Call to Worship. Text: Lou Anne Tighe adapted from the principles of the Christian Brothers and the Sisters of St. Joseph of Carondolet/Music: David Haas

Leader: Let us remember:
All: We are in the holy presence of God.
Leader: And let us love God and the dear neighbor:
All: Without distinction. (2x)

For what ritual setting is this Call to Worship intended? It appears to be a generalized admonition to and by the assembled worshipers of the fact that they are in God’s presence and that there is a moral consequence to their worship. The fact that it is immediately followed by a Gathering Hymn with strong Eucharistic overtones suggests that this dialogue is intended for use at Mass. If so, does this then become an added ritual led by the music ministry PRIOR to the singing of the Opening Hymn? Is it appropriate to add a call to worship distinct from the Sign of the Cross and the Trinitarian Greeting in Roman Rite Eucharist? If it is detached from the following Gathering Hymn, perhaps it is intended as a substitute for the “Lord, open my lips” or the “God, come to my assistance” dialogues at the beginning of particular hours in the Roman Rite Liturgy of the Hours. Alternatively it could be intended as a “recollection” beginning in para-liturgical or devotional services.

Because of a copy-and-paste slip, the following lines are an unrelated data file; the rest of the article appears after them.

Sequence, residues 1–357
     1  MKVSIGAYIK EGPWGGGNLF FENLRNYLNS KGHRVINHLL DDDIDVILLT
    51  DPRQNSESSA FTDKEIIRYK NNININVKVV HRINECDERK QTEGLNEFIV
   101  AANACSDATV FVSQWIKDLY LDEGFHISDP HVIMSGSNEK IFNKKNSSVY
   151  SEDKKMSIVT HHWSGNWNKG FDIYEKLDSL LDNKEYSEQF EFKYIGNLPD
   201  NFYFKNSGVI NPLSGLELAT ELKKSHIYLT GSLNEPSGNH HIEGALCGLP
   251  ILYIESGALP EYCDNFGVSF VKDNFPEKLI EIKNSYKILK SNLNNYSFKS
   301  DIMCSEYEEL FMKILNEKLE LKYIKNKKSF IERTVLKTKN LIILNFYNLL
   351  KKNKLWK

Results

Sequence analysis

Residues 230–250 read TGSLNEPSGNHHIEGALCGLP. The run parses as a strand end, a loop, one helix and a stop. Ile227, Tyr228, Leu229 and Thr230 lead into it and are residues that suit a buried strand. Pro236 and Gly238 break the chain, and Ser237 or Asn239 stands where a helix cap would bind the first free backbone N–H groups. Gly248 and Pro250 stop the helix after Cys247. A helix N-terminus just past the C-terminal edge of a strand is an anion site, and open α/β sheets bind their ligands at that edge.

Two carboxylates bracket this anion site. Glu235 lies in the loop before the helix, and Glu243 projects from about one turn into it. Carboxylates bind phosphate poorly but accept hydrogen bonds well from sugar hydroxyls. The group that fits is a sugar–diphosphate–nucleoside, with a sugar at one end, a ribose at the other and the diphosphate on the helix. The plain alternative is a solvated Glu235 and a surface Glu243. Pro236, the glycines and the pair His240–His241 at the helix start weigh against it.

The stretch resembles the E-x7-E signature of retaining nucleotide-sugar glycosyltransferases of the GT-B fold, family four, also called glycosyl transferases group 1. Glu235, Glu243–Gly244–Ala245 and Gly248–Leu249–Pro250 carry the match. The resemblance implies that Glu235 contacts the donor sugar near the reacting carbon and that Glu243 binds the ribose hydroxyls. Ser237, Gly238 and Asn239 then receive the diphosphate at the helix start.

Gathering Hymn: Coming Together for Wine and for Bread. Text: Adam M. L. Tice/music: David Haas

A general text for gathering at Eucharist is given an easily singable and propulsive 6/8 setting. The two central stanzas articulate the radical inclusiveness and egalitarianism of Jesus’ table fellowship mirrored in the Christian eucharist, while the first and final stanza highlight the Spirit’s role in revealing the presence of Christ through the proclaimed Word of God and the Eucharistic feast at which Jesus is identified as Wine and Bread.